Court Rules Against Gene Patents
The New York Times: A judicial ruling that "threw out parts of two gene patents and called into question thousands more" has biotechnology executives hastening "to reassure their investors that the ruling would not necessarily undermine their businesses, at least in the short run. But the executives themselves were struggling on Tuesday to figure out what the long-term impact would be."
"In a far-reaching ruling, [federal district] Judge Robert W. Sweet ... ruled that parts of patents held by Myriad Genetics covering two breast cancer genes, known as BRCA1 and BRCA2, were invalid Myriad analyzes those genes in an expensive test that predicts whether a woman is at a high risk of getting breast or ovarian cancer. The plaintiffs in the case, which included various medical groups and the American Civil Liberties Union, said the patents on DNA were illegal and impeded access to the testing." Some analysts expressed shock in reaction to the ruling (Pollack, 3/30).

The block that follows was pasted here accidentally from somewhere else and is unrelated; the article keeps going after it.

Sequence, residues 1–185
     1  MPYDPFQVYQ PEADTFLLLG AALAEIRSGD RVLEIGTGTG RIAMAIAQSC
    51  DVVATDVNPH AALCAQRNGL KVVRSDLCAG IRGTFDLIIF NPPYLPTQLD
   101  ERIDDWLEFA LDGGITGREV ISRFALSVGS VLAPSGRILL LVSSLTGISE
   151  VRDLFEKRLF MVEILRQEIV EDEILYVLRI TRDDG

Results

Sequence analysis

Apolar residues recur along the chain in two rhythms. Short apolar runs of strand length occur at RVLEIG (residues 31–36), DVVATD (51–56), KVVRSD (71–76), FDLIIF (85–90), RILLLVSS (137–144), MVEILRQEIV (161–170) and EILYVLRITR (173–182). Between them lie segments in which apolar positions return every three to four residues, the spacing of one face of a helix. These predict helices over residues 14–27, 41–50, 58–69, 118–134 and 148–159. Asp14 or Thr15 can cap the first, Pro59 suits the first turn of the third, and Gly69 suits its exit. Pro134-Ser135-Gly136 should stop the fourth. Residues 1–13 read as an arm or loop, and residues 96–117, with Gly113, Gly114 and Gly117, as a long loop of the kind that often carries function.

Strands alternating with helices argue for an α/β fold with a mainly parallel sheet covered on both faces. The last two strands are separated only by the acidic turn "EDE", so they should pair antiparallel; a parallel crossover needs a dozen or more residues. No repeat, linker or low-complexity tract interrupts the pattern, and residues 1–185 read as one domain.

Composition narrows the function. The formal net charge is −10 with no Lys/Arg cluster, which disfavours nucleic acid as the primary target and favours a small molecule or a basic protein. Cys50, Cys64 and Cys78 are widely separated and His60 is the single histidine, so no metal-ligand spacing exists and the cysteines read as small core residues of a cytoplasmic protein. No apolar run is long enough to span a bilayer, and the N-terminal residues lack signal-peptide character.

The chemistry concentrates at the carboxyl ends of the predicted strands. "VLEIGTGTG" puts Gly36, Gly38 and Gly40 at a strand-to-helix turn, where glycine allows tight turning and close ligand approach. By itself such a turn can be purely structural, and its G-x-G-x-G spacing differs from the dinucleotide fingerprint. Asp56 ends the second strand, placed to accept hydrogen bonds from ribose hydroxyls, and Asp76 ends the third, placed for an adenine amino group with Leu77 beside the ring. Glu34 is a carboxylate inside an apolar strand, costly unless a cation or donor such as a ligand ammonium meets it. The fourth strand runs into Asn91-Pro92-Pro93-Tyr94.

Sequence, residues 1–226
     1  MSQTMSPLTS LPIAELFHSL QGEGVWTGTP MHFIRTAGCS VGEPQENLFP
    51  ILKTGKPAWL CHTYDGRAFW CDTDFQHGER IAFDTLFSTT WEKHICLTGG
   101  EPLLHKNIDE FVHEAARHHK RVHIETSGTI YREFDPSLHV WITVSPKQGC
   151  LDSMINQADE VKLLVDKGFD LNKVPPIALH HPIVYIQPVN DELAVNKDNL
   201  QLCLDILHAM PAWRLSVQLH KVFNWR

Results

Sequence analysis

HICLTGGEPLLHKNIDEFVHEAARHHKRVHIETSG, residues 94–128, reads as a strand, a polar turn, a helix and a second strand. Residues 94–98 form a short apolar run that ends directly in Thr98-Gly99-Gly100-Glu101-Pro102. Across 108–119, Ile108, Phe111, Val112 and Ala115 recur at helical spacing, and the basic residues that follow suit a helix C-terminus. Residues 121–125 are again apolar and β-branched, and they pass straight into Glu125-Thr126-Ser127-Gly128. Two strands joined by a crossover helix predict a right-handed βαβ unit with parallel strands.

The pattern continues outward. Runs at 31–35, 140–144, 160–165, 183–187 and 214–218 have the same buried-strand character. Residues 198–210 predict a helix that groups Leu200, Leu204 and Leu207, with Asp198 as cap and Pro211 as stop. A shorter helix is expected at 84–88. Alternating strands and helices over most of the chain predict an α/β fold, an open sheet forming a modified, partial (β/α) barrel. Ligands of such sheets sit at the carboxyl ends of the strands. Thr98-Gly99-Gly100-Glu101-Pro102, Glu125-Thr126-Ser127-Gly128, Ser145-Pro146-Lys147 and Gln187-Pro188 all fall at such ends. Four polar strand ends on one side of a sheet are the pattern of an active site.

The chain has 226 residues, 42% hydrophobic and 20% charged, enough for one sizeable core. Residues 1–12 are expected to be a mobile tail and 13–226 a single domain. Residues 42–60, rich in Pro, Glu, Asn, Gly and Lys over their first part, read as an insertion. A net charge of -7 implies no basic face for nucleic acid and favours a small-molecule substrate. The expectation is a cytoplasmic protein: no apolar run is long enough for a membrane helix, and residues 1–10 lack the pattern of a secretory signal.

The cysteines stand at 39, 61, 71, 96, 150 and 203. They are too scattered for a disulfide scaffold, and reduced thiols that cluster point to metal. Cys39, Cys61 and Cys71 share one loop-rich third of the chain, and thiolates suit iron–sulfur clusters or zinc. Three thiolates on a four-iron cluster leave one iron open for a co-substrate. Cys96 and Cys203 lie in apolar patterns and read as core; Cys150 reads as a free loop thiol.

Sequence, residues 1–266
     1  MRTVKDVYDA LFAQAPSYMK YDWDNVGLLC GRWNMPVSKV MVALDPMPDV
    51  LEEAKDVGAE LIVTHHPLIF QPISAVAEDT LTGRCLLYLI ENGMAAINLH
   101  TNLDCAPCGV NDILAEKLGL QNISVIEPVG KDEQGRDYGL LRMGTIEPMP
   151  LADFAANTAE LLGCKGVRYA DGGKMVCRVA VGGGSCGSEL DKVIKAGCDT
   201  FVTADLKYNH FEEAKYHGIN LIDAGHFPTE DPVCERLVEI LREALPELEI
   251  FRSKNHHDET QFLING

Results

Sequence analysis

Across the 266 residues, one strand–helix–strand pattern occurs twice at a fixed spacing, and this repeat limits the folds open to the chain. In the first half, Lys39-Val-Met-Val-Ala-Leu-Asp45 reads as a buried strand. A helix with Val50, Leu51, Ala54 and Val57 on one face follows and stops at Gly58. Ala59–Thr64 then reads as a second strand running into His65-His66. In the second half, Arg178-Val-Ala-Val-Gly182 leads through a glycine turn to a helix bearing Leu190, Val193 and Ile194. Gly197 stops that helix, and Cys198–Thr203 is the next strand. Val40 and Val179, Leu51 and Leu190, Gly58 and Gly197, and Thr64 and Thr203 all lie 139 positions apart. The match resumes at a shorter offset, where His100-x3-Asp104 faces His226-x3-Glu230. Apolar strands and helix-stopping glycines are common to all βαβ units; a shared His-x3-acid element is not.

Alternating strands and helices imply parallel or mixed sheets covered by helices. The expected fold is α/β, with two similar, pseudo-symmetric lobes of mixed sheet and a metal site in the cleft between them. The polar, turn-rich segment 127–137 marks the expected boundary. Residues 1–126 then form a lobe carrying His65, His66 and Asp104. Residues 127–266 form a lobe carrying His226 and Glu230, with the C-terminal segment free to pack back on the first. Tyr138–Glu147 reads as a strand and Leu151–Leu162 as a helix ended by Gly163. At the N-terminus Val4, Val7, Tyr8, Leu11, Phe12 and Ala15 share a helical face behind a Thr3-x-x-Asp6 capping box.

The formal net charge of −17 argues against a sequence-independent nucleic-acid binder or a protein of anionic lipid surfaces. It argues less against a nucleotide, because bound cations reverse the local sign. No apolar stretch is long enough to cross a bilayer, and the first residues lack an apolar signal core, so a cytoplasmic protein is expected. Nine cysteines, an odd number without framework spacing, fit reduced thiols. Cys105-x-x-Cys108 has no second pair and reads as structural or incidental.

The Wall Street Journal: "The ruling adds legal weight to the argument by some geneticists and others that companies and institutions shouldn't be allowed to patent basic genetic information that makes people human." Some experts say the court ruling will be a positive step for scientific research. "When companies hold exclusive licenses for human genes, competition to develop gene-based applications can be restricted, prices inflated and innovation slowed, some geneticists say."
"Biotech companies say that if they are making a scientific advance, they should be able to protect both their intellectual property and financial investment. ... [But] science increasingly is showing that combinations of genes are critical to defining risk of disease. Exclusive licensing of gene patents may be slowing down advances in this area of medicine." Myriad is appealing the decision (Wang, Koppell and Naik, 3/30).This is part of the KHN Morning Briefing, a summary of health policy coverage from major news organizations. Sign up for an email subscription.